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Articles written by Andy Day

Removu K1: A 4K Gimbal/Camera Combo With an LCD Screen

While some would argue that the Removu K1 is a shameless rip-off of the DJI Osmo+, very few would complain about the fact that there is now another affordable gimbal/camera combo option on the market that doesn't carry all of the Osmo's flaws, and now with a built-in monitor. It does, however, seem to bring with it a few flaws of its own, albeit at a significantly lower price point.

Stepping Back in Time: The Collodion Wet Plate Process

While there are plenty of aficionados still shooting film, there are very few capturing images onto small sheets of glass, and then playing with potassium cyanide, naked flames, and lavender oil varnish as part of their post-production, techniques which date back to the mid-19th century. In this short video, documentary photographer David Gillanders discusses the collodion wet plate process and explains why he loves creating these unique images.

Canon Glass on the Sony a7 III: Another Reason to Switch Systems

If there's one thing that makes long-time Canon users twitchy about making the jump to Sony, it's glass. Switching systems can be an expensive decision, and the cost of Sony's lenses only makes this worse. "What about adapters?" you might ask. In this video, photographer Jason Lanier tackles that question head-on and gives his verdict.

What It Takes to Create an Award-Winning Photograph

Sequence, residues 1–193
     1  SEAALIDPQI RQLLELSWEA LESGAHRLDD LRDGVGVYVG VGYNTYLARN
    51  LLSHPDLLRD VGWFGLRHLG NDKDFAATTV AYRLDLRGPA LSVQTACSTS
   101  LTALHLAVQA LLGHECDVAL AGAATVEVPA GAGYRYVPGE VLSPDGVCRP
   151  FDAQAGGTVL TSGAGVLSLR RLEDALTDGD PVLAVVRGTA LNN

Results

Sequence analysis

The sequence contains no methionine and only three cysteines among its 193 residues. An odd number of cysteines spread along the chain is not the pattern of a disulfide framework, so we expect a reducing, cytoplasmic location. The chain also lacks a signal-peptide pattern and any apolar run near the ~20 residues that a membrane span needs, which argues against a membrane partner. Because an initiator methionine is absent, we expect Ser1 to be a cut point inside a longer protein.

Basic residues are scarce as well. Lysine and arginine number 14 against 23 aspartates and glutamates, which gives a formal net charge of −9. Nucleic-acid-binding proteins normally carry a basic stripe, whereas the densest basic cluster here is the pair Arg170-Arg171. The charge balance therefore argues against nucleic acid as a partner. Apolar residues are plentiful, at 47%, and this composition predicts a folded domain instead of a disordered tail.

What does it take to win an internationally respected photography competition? A few weeks ago, the Sony World Photo Awards announced their winners, one of whom was Fstoppers community member Mikkel Beiter, who won two awards: Open Travel and Denmark National Award. We caught up with him to find out about his work and his prize-winning photograph.

The Ultimate Travel Lens: Which Would You Choose?

Many of us are a little obsessed with image quality, buying the best quality glass that we can afford, so it's fascinating to hear the thoughts of an established professional when it comes to lens choice — and system choice, for that matter — for travel photography. Brace yourselves, as image quality and wide apertures take a back seat when it comes to a life on the road.

Sony a7 III Versus the Best of the Rest: How Does It Compare?

With the arrival of what's arguably the year's most important camera, the big question being asked is how it compares to its immediate competitors. In this video, Tony Northrup rattles through his thoughts on how the Sony a7 III stacks up against the best of the rest. For anyone who's not constantly geeking out with the industry's latest specs, this is a really useful guide.

Instagram Rolls Out Repost Feature, Sort Of

Instagram is reported to have started rolling out a new feature in its mobile app that allows users to reshare posts — albeit to Stories, not Feeds. A small number of users have seen the arrival of the new option and TechCrunch has received confirmation from Instagram that resharing is being live tested.

Unique Archive of Beatles Photographs for Sale